The body holds much of the information we need to function at our best, but too often we ignore its messages and plow ahead listening to our mind instead. As kids, we are not taught to pay attention to the internal messages our body sends like we do the external messages.
The body’s communication is frequently ignored in lieu of another extra-strength Tylenol or Tums rather than investigating what’s causing the headache or digestive upset. We depend on caffeine or sugar for an energy boost, rather than hearing our body’s message about needing rest or recognizing our fatigue as an early symptom of burnout.
Often, we fail to consider the thousand little messages communicated to us by how we’re holding ourselves. Contracted jaw, shoulders up around our ears, or the knot in the pit of our stomach as we commit to one more thing even though we’re already over-extended.
We’re also really good at putting deadlines ahead of our aching bones or inadequately nourished bellies. (Is there hidden wisdom in calling a due date a deadline in the first place?) Instead of asking our body what it wants, we go for the quick fill-up or the comfort food that may be the last thing we really need.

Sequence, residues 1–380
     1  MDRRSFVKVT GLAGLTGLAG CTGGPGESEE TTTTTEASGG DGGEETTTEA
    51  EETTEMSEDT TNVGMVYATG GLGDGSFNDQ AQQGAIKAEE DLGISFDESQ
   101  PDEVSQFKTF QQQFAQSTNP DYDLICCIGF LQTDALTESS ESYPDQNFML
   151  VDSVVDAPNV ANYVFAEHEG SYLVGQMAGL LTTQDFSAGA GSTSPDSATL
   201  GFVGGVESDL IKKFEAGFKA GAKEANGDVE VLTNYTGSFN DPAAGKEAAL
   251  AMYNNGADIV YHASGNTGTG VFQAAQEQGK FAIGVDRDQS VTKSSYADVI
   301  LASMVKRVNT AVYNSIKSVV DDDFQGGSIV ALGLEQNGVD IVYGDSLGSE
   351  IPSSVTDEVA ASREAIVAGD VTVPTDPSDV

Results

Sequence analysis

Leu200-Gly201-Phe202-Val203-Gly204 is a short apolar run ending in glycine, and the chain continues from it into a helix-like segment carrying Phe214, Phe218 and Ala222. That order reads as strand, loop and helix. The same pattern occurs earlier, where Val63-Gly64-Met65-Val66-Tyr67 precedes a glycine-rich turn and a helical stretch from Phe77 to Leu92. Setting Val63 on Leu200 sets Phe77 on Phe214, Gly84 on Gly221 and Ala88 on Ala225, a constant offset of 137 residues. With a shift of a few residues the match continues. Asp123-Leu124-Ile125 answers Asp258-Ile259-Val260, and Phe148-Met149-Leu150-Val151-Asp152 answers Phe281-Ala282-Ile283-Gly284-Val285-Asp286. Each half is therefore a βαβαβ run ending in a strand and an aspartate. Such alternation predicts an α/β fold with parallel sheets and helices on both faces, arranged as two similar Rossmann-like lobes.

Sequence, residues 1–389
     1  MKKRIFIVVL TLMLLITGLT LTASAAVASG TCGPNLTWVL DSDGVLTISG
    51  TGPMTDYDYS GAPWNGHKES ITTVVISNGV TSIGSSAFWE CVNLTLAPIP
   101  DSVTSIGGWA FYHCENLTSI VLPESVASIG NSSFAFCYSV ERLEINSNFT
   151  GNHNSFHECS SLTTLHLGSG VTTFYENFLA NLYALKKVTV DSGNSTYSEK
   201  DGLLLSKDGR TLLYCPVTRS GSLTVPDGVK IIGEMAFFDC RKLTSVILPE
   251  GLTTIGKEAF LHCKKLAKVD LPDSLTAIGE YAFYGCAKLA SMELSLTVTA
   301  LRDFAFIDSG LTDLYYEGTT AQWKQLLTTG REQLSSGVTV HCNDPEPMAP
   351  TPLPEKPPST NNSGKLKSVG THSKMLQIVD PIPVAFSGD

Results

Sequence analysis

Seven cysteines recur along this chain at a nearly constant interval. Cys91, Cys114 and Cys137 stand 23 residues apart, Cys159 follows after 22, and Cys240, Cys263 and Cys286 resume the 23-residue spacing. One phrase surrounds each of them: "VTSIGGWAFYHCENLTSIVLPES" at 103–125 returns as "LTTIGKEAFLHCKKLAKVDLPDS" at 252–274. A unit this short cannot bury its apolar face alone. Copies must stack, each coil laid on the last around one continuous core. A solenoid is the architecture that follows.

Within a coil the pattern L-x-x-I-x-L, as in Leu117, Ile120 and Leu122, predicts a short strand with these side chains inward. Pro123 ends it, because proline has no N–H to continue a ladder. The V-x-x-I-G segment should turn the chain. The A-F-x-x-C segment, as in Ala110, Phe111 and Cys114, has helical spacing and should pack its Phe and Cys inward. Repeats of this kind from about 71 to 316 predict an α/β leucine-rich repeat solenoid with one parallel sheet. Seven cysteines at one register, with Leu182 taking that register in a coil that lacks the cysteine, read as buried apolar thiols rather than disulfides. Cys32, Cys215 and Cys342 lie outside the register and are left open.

So, what to do to give your body an equal say in how you use it?
7 Strategies to listen to your body
Start with the breath. Breathing consciously is a major part of body awareness. Turn off the thoughts swirling in your head by labeling your breathing, “In. Out. In. Out.”
Allow yourself quiet time. Sit for ten minutes just observing yourself, even (especially!) in the middle of a busy day. Meditate. Take a walk or a nap. Allow time to do nothing.
Get a massage. It’s not self-indulgence to be massaged; it wakes up the whole nervous system and helps you tune in.
Use your journal to dialogue with your body. Ask your body how it’s feeling, what it wants, what’s going on. Give that sore wrist or stiff lower back a voice. If you let it, it will tell you what its message is.
Eat when hungry, sleep when tired. Take a week and really pay attention to your body’s most basic needs. Do your real rhythms for eating and sleeping conform to the habits you’ve established? If they don’t, change them!
Do a body inventory to relax. Start with your toes and work upwards. Scan your body from the inside. Or try tensing each part slightly, then relaxing it to release residual tension.
Practice mindfulness. Get used to tuning in to your physical self, wherever you are, whatever you’re doing.
And if your body suggests rolling down a grassy hillside, taking flight on a playground swing, or skipping down a winding path, why resist? Its impulses hold the key to our well-being!
Wishing you peace, health, and happiness,
Certified Master Stress and Mindset Coach
Founder, Rise Up and Live Wellness
Author’s content used under license, © Claire Communications